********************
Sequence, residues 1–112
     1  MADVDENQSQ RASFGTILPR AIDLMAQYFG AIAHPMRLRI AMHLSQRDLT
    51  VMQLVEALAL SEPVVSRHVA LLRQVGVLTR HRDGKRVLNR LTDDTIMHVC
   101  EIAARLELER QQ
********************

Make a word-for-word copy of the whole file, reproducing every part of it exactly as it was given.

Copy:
Sequence, residues 1–112
     1  MADVDENQSQ RASFGTILPR AIDLMAQYFG AIAHPMRLRI AMHLSQRDLT
    51  VMQLVEALAL SEPVVSRHVA LLRQVGVLTR HRDGKRVLNR LTDDTIMHVC
   101  EIAARLELER QQ